Jerry started crying on the way to school in the tricycle this morning. I hugged him. I sat outside his classroom for a while and saw him through the window smiling and happy with his classmates. I looked again a few moments later and two little girls had their arm around him comforting him, his head was down. About five minutes later he walked out of the classroom alongside his friends happily waving to me as he passed.
I followed to watch his flag ceremony in the common gym area and was surprised to find Jerry walking back to the classroom while all his classmates and teachers were lined up ready for the morning activity. I smiled and suggested he go back to the others, head down he ambled up toward the lines of kids.
During their morning exercise and dancing he ranged from smiling, exuberant motions to completely motionless head lowered, eyes down. I moved to a space where he could see me during the dance, I smiled at him and he smiled back. He danced a little more consistently.
Since the death of his father three weeks ago, Jerry’s behaviour, moods and attitude have become more and more erratic. Jerry finds it difficult to express his emotions about his family and I guess this is the affect of years of trauma. Aside from the loss of a parent, the passing of his father has no doubt brought back memories of the death of his beloved mother four years ago. He is crying for her again every night.
It reinforced to me that Jerry has suffered significant trauma (ticking YES to EVERYTHING on the checklist) and serves as a great reminder for me to check my responses. Here’s the list of potentially traumatic events included in the factsheet:
✅Abuse (physical, sexual, or emotional)
✅Effects of poverty (such as homelessness or not having enough to eat)
✅Being separated from loved ones
✅Witnessing harm to a loved one or pet (e.g., domestic or community violence)
✅Unpredictable parental behaviour due to addiction or mental illness
Now add to this the sudden death of both parents four years apart.
It might be helpful to remember that your child’s troublesome behaviour may be a learned response to stress—it may even be what kept your child alive in a very unsafe situation.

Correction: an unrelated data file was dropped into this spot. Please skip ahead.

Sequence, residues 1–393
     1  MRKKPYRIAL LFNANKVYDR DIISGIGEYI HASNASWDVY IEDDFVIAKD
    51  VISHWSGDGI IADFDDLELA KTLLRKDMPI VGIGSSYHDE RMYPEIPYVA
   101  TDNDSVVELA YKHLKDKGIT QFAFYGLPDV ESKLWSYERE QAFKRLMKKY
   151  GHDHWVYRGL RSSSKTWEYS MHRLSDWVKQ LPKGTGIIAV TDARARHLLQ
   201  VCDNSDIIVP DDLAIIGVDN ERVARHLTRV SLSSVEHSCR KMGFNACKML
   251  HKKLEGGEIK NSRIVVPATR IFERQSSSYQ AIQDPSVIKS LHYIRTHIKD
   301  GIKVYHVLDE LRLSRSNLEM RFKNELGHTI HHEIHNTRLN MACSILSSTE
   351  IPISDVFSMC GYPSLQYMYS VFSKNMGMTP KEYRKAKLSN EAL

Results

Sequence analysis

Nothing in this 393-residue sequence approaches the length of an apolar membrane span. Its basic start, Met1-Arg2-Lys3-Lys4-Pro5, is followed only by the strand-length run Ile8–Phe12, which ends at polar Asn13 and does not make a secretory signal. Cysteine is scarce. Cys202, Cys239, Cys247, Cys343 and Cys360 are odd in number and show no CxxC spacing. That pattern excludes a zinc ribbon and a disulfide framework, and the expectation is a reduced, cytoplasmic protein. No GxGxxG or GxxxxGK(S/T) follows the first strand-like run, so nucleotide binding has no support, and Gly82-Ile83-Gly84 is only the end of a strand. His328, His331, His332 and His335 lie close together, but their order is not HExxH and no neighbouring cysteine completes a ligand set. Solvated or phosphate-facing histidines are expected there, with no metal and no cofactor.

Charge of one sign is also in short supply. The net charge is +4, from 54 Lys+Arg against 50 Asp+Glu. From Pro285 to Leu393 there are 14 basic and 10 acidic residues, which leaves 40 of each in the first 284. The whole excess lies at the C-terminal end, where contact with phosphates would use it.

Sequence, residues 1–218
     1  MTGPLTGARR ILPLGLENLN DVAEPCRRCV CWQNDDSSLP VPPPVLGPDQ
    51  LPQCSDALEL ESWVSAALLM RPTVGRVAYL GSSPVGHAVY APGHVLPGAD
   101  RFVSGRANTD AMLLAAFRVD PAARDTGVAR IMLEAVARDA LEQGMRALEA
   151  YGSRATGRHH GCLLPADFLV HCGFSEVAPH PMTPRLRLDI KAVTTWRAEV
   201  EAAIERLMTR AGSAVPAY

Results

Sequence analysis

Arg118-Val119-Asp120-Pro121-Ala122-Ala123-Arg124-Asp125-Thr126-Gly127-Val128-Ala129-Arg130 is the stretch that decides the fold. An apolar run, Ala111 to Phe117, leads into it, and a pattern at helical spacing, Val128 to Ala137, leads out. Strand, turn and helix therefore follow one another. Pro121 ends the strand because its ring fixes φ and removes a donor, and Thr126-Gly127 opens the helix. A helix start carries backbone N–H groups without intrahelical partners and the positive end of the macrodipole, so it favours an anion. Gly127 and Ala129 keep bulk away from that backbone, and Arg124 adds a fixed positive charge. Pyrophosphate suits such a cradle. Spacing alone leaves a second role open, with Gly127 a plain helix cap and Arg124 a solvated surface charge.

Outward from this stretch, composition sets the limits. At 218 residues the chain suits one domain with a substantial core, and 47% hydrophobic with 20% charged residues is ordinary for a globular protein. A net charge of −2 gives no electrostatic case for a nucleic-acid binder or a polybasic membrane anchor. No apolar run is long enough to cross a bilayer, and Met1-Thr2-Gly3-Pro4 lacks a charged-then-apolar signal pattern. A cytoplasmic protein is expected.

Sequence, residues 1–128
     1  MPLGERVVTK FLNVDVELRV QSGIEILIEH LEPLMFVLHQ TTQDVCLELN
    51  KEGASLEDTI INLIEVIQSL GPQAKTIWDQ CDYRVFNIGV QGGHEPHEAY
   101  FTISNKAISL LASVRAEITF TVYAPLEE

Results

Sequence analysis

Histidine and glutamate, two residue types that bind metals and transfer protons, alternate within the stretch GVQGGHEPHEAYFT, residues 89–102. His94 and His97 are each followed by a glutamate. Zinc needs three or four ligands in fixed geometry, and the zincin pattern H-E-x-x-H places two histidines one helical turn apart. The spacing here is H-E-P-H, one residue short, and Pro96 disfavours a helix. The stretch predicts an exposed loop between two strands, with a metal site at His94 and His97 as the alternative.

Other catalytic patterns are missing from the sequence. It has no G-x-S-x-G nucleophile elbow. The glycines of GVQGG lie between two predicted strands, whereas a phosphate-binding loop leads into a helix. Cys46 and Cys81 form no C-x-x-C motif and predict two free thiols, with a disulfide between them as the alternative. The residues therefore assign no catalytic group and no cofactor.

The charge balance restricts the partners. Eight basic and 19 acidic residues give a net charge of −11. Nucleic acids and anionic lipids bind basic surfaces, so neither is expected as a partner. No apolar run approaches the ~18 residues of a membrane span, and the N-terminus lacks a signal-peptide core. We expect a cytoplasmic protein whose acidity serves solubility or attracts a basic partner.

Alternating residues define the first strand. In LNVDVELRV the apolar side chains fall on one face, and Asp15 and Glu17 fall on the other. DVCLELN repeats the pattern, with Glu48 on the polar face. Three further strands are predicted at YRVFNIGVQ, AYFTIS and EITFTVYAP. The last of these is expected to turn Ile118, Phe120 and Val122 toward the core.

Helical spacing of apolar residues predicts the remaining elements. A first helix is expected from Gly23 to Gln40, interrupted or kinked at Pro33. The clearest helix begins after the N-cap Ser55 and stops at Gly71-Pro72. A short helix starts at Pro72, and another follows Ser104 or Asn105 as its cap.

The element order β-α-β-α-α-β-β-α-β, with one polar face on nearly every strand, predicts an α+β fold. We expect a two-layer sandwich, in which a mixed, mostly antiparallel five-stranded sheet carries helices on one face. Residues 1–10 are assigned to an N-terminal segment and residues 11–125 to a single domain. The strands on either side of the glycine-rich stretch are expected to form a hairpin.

Jerry’s behaviour ranges from delightful to complete refusal to obey even small requests. He will be at times destructive contrasted against carefully folding clothes or neatly cleaning his shoes. He’ll be hugging me and being loving then suddenly make an unkind comment or say something nasty without a hint of emotion. He’ll spend an entire morning telling me he loves me (maybe every 30 seconds) then suddently withdraw and become completely non-responsive. Add to that inappropriate touching and sexual behaviour which he either refuses or cannot adjust. I find him touching me without restraint in ways that are humiliating, obviously learned somewhere in his little life. I talk to him about what he is doing and why but his only response is that he is “very bad me” and won’t do it again.
Even after all this what I find the most frustrating are his attempts to control everything I do. This can range from simply giving me orders, waking me up, wanting to ‘help’ but actually it’s more interfering or deliberately doing everything slowly, running away or hiding to make me late or to dictate exactly when we leave and when we go. Rationally (later) I can see that these controlling attempts are a response to an overwhelming fear of abandonment and wanting to feel like he has some control over his own life. And yes, as the Factsheet suggests, at times I have completely misinterpreted his behaviour and becoming so frustrated with him. Sometimes I get so resentful feeling like he has completely stolen my life and holding it to ransom and of course react in ways that don’t help and probably make it worse.
But that’s what this website is here for. Not necessarily to offer constructive advice on how to respond or react, but in the writing (and the reading) it keeps me focused on the fact that Jerry is not a bad kid, he is just a kid who has had bad things happen and what he needs the most is not punishment but consistency and lots of love from an informed parent.
When children have experienced trauma, particularly multiple traumatic events over an extended period of time, their bodies, brains, and nervous systems adapt in an effort to protect them. This might result in behaviors such as increased aggression, distrusting or disobeying adults, or even dissociation (feeling disconnected from reality). When children are in danger, these behaviors may be important for their survival. However, once children are moved to a safer environment, their brains and bodies may not recognize that the danger has passed. These protective behaviors, or habits, have grown strong from frequent use (just as a muscle that is used regularly grows bigger and stronger). It takes time and retraining to help those “survival muscles” learn that they are not needed in their new situation (your home), and that they can relax.
© 2016 Melinda Irvine
Sources: Child Welfare Information Gateway. (2014). Parenting a child who has experienced trauma. Washington, DC: U.S. Department of Health and Human Services, Children’s Bureau.